Quoted from Aurich:
Just turn your game down? You're seriously asking Scott to change something in the game because some customers don't want to hear the bass. Turn the volume down if people don't want to hear it. Work on a headphone jack, whatever, but take a little initiative instead of thinking the game should change to cater to you.
Quoted from iEatHands:
To give you some serious advice, you're just going to have to turn off the sub because that bass drop at the end of the ball kicks ass at any volume level! This is the thin knob on the amp closest to the coin door which controls the sub volume. Then maybe you can adjust a little more bass into the head speakers so it still sounds somewhat OK.. This will stop the booming bass at the end of the ball and scott doesn't need to adjust the game for one person.
Look, I totally get the negative gut reactions to my suggestion, but hear me out a bit.
First, I'm not some lightweight who doesn't like loud games/music. I love loud and proud games. All the games in my personal collection have powered subs on them, even the SS classics. I sound-proofed my basement rec room for the express purpose of playing pinball loudly when the kids were asleep. One of main things I love about TNA is how the sound package sucks you in to the intensity of the experience.
But looking at this from an operator's perspective ONLY:
Stuff that is freaking awesome at home during occasional play is not always a good idea with near continuous play in a public space.
My location is an old 1970's theatre building converted to a large restaurant/bar. There are 10 games in a back room. Volume levels on the games are high because it is a group of local collectors and competitive players putting our own games out there so they are dialed in, clean, and fun to play. The place has sports on during the day/evening, on weekends there are live bands on the stage. So it's not some super quiet place where any reasonable volume would be too loud. The pinballs are loud, league nights are like attending a rock concert. Normally, the pinballs are barely noticeable in the main room, more of a background din off in the distance. And then TNA came to town.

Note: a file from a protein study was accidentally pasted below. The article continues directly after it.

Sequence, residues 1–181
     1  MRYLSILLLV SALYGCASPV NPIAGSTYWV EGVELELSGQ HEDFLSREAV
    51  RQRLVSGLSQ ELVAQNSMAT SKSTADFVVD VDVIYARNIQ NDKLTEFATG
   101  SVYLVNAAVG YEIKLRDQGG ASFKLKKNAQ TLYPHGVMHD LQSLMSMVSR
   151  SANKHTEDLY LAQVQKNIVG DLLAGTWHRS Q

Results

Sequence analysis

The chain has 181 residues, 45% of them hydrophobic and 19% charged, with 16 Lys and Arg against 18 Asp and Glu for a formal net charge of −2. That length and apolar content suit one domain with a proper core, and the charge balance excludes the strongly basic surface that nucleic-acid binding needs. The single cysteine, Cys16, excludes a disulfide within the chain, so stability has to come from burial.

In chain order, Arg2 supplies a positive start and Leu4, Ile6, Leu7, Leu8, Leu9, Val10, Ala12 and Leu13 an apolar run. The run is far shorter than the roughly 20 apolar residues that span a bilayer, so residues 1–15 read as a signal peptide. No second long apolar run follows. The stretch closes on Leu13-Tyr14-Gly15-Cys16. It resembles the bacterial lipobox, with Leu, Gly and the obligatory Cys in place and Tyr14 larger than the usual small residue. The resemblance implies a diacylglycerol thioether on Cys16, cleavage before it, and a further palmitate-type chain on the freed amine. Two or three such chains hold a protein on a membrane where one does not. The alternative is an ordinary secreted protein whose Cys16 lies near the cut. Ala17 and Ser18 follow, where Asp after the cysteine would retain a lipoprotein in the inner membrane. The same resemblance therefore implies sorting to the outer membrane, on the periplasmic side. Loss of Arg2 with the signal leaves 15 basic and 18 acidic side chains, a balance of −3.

The fact of the matter is that you can't isolate low frequencies, they travel far and wide. The most noticeable low frequencies in TNA are the bass drops after a ball drains. Even that would be fine except they are going off every 30-50 seconds, all day long (well hopefully). You can hear them anywhere in the building, distinctly.
As much as I like the bass drops when I'm playing, I wouldn't fault anyone for not wanting to be subjected to it continuously all day long. So what to do?
Most operators would lower the game volume low enough so it's not a problem, which will destroy the intensity of the game experience for the players. I'm more of a purist and that doesn't sit right with me at all. Option B is to gut the sub settings/setup so the sound is tinny and thin. Also not doing the game credit. Ultimately both of these options will reduce player enjoyment and end up reducing income on the game, which is clearly bad for the operator and Spooky.
So my suggestion is simply that if an ALTERNATIVE, COMPLETELY OPTIONAL ball-end sequence was available that avoided the low-frequencies, in order to make it more appropriate for continuous play in a public space, the game would be better accepted at more locations and could still be setup to provide the best audio experience to players.
Don't we all want more pinball, and especially TNA, on location? Setup so you can enjoy the sound package?
Scott is a creative genius IMHO, I'm sure he could come up with something truly amazing.
Again, just a suggestion, purely from an operator's perspective.
Anyway, thanks for reading this far. Go ahead, shoot the messenger...